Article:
Since April 2012 Hirai has been visiting more than 55 Sony sites across 17 countries, spending a lot of his time in the field communicating with Sony’s global employees. And he has been sharing with Sony employees the significance of “One Sony” in revitalizing the business and the importance of delivering compelling user experiences through the convergence of Sony’s unique assets.
For this report, Hirai answered a few questions from TWICE about progress Sony has made this year and what 2014 may look like.
TWICE: What is your biggest accomplishment in CE side this year?
Hirai: While some of our product categories have been faced with challenging markets, there has been a lot of progress in our mobile, digital imaging and gaming businesses, which Sony has defined as growth drivers.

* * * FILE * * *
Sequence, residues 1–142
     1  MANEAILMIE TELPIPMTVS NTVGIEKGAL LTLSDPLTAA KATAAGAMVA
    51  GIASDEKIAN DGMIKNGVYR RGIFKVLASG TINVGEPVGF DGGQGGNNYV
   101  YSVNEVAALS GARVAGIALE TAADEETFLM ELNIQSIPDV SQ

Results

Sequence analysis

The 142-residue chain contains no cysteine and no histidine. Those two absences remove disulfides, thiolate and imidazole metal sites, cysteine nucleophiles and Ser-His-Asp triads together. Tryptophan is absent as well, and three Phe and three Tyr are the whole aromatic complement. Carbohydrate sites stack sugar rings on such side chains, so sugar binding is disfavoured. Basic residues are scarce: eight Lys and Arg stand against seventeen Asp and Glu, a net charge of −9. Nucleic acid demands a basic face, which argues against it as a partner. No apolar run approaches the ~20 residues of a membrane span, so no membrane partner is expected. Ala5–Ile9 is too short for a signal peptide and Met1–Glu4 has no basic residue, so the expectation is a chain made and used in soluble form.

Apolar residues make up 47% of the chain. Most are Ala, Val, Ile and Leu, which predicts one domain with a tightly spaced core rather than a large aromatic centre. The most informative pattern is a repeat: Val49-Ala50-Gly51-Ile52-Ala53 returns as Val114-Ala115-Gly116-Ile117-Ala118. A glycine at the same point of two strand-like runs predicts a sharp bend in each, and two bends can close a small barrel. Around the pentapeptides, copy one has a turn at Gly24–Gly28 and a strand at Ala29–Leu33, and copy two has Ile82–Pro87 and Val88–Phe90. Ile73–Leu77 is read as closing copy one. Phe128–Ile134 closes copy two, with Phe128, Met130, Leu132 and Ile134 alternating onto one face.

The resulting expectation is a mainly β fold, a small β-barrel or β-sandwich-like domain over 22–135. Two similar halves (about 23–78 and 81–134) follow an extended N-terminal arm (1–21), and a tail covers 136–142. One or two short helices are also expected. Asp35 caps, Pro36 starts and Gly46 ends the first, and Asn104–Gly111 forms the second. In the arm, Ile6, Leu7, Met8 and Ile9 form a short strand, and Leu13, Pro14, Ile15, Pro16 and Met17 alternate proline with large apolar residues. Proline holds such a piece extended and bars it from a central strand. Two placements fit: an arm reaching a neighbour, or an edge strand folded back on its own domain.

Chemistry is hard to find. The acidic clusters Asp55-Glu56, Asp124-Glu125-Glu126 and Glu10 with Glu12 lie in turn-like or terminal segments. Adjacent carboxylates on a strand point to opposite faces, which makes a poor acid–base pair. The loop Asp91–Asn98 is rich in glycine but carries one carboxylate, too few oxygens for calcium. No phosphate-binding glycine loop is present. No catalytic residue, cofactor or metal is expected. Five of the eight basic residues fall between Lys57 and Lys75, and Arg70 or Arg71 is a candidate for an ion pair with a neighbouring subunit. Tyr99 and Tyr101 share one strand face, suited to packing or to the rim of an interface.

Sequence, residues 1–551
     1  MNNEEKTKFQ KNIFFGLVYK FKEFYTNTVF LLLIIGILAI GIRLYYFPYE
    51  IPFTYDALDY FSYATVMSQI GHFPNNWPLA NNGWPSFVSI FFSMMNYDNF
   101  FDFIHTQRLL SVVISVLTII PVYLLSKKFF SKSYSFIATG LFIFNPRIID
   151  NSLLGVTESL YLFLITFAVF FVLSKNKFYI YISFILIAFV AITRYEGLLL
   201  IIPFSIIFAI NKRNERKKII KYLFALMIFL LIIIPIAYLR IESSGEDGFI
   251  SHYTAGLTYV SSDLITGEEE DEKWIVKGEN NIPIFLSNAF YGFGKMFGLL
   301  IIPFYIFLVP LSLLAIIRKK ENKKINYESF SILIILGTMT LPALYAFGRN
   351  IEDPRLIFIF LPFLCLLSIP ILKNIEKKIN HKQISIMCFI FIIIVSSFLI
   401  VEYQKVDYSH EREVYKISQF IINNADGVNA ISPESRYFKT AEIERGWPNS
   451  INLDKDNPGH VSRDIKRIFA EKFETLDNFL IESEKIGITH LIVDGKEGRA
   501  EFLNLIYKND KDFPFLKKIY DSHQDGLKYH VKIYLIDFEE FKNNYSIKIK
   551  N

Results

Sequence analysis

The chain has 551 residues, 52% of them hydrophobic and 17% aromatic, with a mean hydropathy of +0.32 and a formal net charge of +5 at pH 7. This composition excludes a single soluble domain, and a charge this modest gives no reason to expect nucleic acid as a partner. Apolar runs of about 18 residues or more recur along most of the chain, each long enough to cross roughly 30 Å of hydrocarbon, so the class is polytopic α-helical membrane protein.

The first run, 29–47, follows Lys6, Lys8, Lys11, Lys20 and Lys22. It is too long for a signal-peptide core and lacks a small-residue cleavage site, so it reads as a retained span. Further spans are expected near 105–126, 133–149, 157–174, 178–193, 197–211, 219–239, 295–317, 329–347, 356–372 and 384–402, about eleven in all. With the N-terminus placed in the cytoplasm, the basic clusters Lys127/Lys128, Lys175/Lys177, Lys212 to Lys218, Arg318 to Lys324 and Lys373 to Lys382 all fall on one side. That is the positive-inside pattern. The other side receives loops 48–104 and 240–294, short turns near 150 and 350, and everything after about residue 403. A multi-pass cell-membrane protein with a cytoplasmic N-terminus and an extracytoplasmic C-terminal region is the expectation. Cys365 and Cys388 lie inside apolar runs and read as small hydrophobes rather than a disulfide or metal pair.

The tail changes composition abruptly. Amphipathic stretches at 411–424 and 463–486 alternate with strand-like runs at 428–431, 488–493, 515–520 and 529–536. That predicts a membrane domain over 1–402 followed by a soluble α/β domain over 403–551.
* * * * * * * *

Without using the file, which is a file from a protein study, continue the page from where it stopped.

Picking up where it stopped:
For example, we were able to introduce our new flagship Xperia Z1 smartphone in many territories this year. The Xperia Z1 smartphone is packed with the best of Sony’s technologies and is a prime example of the “One Sony” direction I have been focused on since I became CEO of Sony Corporation.
We have also received rave reviews on some of our digital imaging products that we launched in the U.S. market, like the A7 (Alpha 7) series and the QX lensstyle camera, which has just received 2014 CES Best of Innovations Design and Engineering Award.
In games, we introduced the highly anticipated Play- Station4 computer entertainment system in Americas and Europe in November.